Meeting the mammal that survived the dinosaurs
So, here I am, running in a forest at night over 2,000 miles from home. This forest—dry, stout, and thorny enough to draw blood—lies just a few miles north of a rural town in the western edge of the Dominican Republic on the border with Haiti. I'm following—or trying to keep pace with—a local hunter and guide as we search for one of the world's most bizarre mammals. It's an animal few people have heard of, let alone actually seen; even most Dominicans don't readily recognize its name or picture. But I've been obsessed with it for six years: it's called a "solenodon," more accurately the Hispaniolan solenodon or its (quite appropriate) scientific name, Solenodon paradoxus.
There is a sallow, overgrown path through the forest, but we don't use it. Instead my guide—the Dominican version of Indiana Jones—quickly plunges into the forest, moving ghost-like through branches, vines, spines, up-and-down rock faces, into and out of dry ravines. I don't move like this man—Nicolas Corona—I crash, stumble, scrape, and fall my way through the forest. Where Nicolas leaps across ravines, or simply dances across a fallen tree, I fall into the ravine and have to crawl my way out. Where he finds a way through clumps of brambles, I get stuck. One time so stuck, that every step forward I catch on another vine that just won't budge, around my leg, around my chest. I'm a buffoon, next to some Olympian.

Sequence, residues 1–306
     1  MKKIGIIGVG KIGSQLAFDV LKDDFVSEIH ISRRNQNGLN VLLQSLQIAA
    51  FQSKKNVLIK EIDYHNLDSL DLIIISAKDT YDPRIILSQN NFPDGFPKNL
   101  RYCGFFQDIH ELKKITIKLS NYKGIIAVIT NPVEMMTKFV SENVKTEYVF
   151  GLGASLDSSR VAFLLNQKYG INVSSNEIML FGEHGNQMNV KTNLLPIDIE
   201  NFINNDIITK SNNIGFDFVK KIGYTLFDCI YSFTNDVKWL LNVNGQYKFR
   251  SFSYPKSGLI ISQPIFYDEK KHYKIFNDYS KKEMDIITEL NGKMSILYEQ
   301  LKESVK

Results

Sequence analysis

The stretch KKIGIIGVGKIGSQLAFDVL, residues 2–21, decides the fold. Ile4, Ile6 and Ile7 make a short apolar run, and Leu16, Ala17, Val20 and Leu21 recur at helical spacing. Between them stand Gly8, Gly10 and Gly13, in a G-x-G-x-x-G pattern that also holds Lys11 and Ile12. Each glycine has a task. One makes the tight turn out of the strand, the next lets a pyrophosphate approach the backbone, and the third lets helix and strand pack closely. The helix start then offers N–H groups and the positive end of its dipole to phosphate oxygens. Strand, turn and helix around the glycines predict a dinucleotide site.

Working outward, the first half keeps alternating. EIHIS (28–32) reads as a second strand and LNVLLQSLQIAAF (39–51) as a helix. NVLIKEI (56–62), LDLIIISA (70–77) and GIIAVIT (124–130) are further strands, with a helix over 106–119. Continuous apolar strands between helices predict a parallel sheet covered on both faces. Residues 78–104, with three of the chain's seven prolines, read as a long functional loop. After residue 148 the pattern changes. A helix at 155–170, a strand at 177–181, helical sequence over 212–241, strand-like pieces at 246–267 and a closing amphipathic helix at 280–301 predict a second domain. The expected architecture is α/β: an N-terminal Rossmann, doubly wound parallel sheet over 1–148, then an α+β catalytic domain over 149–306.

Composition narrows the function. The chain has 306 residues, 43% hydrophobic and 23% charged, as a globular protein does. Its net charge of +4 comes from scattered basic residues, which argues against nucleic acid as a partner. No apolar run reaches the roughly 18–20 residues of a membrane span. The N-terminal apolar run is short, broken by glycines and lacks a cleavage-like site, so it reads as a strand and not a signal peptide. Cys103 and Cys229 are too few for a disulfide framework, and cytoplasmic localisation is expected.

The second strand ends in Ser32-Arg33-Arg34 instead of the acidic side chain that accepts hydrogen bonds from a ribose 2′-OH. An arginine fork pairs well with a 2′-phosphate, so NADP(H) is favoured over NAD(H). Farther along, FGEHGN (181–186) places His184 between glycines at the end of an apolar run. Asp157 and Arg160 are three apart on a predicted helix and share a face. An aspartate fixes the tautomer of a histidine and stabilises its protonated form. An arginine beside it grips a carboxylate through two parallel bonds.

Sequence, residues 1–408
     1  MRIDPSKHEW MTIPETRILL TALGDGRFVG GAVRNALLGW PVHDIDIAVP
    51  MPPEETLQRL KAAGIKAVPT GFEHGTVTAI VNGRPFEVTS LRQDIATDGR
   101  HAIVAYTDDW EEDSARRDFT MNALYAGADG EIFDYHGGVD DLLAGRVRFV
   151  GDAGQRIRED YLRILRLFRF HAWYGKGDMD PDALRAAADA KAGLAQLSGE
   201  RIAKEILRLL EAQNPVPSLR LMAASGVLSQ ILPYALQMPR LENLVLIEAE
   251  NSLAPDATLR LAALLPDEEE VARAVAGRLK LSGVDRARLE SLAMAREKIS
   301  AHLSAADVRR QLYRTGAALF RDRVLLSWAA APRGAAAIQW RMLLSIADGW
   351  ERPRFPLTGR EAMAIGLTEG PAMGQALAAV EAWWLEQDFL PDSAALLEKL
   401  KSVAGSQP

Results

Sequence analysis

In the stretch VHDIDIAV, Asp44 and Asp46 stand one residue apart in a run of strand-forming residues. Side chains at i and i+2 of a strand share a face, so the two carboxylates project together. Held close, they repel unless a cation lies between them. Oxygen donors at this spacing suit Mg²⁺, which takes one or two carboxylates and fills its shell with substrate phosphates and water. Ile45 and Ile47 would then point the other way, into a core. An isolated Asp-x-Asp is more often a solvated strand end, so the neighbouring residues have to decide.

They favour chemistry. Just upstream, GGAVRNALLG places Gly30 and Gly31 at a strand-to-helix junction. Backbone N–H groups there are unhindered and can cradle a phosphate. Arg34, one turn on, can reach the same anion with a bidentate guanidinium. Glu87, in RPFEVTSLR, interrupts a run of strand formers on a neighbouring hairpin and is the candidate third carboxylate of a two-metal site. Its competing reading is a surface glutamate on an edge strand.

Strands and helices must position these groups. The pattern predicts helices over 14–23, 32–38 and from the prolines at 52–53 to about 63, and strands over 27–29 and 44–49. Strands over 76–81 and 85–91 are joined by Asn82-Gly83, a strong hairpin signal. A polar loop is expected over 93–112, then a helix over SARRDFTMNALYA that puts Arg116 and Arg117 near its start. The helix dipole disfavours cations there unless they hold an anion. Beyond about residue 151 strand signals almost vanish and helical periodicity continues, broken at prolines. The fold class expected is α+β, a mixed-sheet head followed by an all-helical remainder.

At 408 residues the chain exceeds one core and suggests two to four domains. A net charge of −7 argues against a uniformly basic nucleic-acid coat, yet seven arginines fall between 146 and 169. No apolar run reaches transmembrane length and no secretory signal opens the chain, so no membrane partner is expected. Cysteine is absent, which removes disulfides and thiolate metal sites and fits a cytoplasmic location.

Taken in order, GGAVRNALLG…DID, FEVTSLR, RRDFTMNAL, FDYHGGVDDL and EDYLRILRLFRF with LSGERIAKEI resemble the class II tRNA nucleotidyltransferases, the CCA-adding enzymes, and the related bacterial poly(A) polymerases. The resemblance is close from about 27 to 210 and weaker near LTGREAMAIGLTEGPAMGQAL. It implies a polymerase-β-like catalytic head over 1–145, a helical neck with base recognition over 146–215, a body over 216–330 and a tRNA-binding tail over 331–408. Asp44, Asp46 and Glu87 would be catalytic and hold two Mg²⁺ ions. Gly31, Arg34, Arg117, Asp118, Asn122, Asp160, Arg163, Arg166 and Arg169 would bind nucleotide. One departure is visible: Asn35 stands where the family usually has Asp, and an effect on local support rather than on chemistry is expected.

Despite its perils, the dry forest we're running through is unexpectedly enchanting. A green plant, not grass but almost clover-like known as water herb, blankets the ground during this time of the year. Short, winding trees curl around us. Large rocks jut out of the soil and at times an aggregation creates a mini-mountain. There are snails in beautifully colored conch-like shells hanging from the trees. From time-to-time we hear a whirring sound as a roosting bird, somewhere near us, takes off, scared by the sound of two men running through its home. The forest is almost hobbity, as if built for small things. One could imagine old-school fairies and elves, mischievous creatures, living here, which is why it seems such a suitable place for the strange, cryptic, muppet-faced solenodon.
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Hispaniolan solenodon image via Benvironment.